Rebecca Blood is a blog old-timer. Her blog covers a wide range of subjects that are usually quick reads with plenty of links that can send you wandering through the blogosophere collecting tons of interesting if not trivial information at times. It's a great daily quick read and very rewarding when she brings to your attention something that rings and resonates with you. Even she has a recent post with her contribution to the “Four Things” meme that Ross and many others have jumped on. Just for fun today she points to a Yahoo search on the cities with the cleanest water in the USA.

I got turned onto Stanford University professor, author, lawyer and intellectual copyright kingpin Lawrence Lessig more than 3 years ago when he was leading the battle for changing outdated copyright laws when he fought and presented his case in front of the Supreme Court. He pioneered Creative Commons licensing and the Creative Commons organization. His blog is still focused on copyright laws and includes links to dozens of Creative Commons licensed work. I've not yet read any of his books but suffice to say he's the expert and champion for liberating strict copyright laws and so that our culture can maintain our “freedom to create, our freedom to build, and, ultimately, our freedom to imagine.” It's interesting that Lessig has recently created a wiki for those who want to criticize his work and thinking. Off subjects, I noticed that Sony Pictures has created a website platform for those with strong religious beliefs and that have issue with the upcoming Sony Picture “The DaVinci” code. Could this be a trend?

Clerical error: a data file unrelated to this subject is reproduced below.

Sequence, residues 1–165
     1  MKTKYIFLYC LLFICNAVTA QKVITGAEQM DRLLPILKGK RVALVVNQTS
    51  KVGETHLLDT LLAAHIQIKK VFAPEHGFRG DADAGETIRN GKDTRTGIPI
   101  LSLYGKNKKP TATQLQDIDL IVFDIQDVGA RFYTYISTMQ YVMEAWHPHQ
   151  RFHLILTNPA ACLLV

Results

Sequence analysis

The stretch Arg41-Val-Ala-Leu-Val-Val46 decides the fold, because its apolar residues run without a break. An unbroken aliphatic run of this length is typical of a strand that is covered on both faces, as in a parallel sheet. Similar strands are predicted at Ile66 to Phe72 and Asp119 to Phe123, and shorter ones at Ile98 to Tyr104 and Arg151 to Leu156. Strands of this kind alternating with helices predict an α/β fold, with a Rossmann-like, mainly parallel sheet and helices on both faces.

For those of you who've followed my blog over the years you probably recall a number of my posts relate to marketing and advertising. As a former advertising and marketing communications agency principal, I can't ever leave well enough alone. For the past 15 years or so, John Porcaro has worked in marketing and communications at Microsoft. Though when I added him to my blogroll Microsoft might not have even released the XBox, today he leads the group running PR for Microsoft's very successful XBox. Though John is very politically correct in disclaiming his views on his weblog aren't necessarily of those of his employer, I find that it is a quick read and interesting to watch.